(Reuters) -The Federal Reserve needs to raise interest rates “in a timely fashion” this year and in 2023 to curb high inflation before it is embedded in U.S. psychology and becomes even harder to get rid of, Chicago Fed President Charles Evans said on Thursday.
But Evans also said the U.S. central bank should tread carefully as it tightens monetary policy in the face of price pressures that have pushed inflation to a 40-year high.
“I just think that we want to be careful” not to raise interest rates too abruptly, and instead take the time to assess whether supply chains are improving and how the war in Ukraine is affecting the economy, he told the Detroit Regional Chamber.
Evans spoke a few days after Fed Chair Jerome Powell said there was nothing that would necessarily stop the Fed from raising interest rates by 50 basis points at its next meeting, after its first quarter-percentage-point rate hike last week, to get a better edge against inflation.
“My own view is that, given the pressures that I see, I will be comfortable with … increasing by a quarter (of a percentage point)” at each policy meeting this year, and through March of next year, Evans said. “Maybe a 50 helps – I’m open-minded about that,” he said, adding that the larger discussion will be around what to do once the Fed’s policy rate reaches the neutral level at which it neither brakes nor stimulates the economy.
The economy has momentum, labor markets are “downright tight” by some measures, and rapidly rising inflation sparked by pandemic-related factors is now showing up broadly across the economy, Evans said.
“This is a signal of more general pressure from aggregate demand on today’s impinged supply,” Evans said. “If monetary policy did not respond to these broader pressures, we would see higher inflation become embedded in inflation expectations, and we would have even harder work to do to rein it in.”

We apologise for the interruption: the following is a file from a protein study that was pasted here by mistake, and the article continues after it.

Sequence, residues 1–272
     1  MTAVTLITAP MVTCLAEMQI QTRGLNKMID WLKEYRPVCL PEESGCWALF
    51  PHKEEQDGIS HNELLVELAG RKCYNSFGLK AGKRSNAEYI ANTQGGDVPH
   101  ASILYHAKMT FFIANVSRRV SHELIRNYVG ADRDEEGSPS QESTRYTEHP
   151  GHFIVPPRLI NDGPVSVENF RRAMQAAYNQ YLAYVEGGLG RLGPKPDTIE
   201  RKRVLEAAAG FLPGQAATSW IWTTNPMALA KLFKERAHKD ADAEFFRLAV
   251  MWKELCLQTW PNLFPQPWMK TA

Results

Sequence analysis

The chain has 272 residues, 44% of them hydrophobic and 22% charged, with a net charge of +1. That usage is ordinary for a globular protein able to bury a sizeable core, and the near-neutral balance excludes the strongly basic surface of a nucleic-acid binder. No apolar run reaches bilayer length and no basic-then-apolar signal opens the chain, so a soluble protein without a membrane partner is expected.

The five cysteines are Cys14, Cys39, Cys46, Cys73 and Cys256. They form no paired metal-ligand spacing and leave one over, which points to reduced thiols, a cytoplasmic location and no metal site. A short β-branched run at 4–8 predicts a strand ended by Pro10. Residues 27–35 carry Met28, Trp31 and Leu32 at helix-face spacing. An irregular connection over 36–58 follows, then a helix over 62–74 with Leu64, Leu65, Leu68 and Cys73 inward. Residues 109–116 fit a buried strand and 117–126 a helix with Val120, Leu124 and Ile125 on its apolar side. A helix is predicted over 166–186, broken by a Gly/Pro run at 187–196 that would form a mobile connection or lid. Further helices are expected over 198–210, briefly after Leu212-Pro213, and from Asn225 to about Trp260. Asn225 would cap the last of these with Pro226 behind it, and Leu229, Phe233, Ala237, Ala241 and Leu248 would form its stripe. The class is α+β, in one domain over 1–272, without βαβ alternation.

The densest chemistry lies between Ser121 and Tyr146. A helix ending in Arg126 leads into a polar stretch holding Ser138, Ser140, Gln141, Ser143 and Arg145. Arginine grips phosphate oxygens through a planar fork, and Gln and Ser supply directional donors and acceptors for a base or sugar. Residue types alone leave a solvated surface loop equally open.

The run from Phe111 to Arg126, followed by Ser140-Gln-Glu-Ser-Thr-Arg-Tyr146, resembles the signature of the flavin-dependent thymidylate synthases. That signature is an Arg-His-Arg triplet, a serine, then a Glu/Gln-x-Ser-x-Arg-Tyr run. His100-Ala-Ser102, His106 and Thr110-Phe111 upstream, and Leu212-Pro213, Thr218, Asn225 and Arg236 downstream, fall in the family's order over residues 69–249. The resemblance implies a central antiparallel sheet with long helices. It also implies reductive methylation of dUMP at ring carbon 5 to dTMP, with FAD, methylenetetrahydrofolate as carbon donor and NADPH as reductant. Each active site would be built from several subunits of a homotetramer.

Data released earlier on Thursday showed just how tight the U.S. job market is, with the Labor Department reporting that new filings for unemployment benefits had fallen last week to the lowest level since September 1969. In the prior week, the total number of people continuing to collect jobless benefits after their initial claim was the lowest since January 1970, when the labor force was half the size it is today.
Fed policymakers as a group signaled last week they expect to raise the benchmark overnight interest rate by the equivalent of seven quarter-percentage-point rate hikes this year and three more times next year, a view Evans said on Thursday he shares.
Those actions, along with reductions in the Fed’s balance sheet, will help bring inflation down closer to the central bank’s 2% target over coming years, he said. Inflation by the Fed’s preferred measure is running at about 6%.
Much remains uncertain, Evans noted, particularly with the Ukraine crisis and the COVID-19 pandemic both posing unknown upsides risks to inflation and downside risks to economic growth.
“Policymakers need to be cautious, humble, and nimble as we navigate the course ahead,” Evans said. “Monetary policy is not on a preset course” but will be decided at each Fed meeting, taking economic data, financial conditions, and risks into account.
(Reporting by Ann SaphirEditing by Paul Simao)